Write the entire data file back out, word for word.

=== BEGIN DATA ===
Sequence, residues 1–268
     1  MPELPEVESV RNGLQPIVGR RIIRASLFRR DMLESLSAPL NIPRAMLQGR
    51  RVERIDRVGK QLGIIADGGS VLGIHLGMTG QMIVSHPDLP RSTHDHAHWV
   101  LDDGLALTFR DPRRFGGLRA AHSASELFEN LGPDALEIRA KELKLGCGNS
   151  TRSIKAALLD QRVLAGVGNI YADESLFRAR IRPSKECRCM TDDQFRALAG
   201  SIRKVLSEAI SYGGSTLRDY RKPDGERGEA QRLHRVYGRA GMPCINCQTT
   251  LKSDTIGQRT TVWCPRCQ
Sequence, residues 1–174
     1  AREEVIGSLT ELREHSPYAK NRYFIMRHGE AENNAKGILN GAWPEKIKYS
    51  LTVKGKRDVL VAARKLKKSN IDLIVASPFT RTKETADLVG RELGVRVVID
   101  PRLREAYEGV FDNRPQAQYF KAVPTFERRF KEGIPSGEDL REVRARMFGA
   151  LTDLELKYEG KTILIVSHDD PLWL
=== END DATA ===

Sequence, residues 1–268
     1  MPELPEVESV RNGLQPIVGR RIIRASLFRR DMLESLSAPL NIPRAMLQGR
    51  RVERIDRVGK QLGIIADGGS VLGIHLGMTG QMIVSHPDLP RSTHDHAHWV
   101  LDDGLALTFR DPRRFGGLRA AHSASELFEN LGPDALEIRA KELKLGCGNS
   151  TRSIKAALLD QRVLAGVGNI YADESLFRAR IRPSKECRCM TDDQFRALAG
   201  SIRKVLSEAI SYGGSTLRDY RKPDGERGEA QRLHRVYGRA GMPCINCQTT
   251  LKSDTIGQRT TVWCPRCQ
Sequence, residues 1–174
     1  AREEVIGSLT ELREHSPYAK NRYFIMRHGE AENNAKGILN GAWPEKIKYS
    51  LTVKGKRDVL VAARKLKKSN IDLIVASPFT RTKETADLVG RELGVRVVID
   101  PRLREAYEGV FDNRPQAQYF KAVPTFERRF KEGIPSGEDL REVRARMFGA
   151  LTDLELKYEG KTILIVSHDD PLWL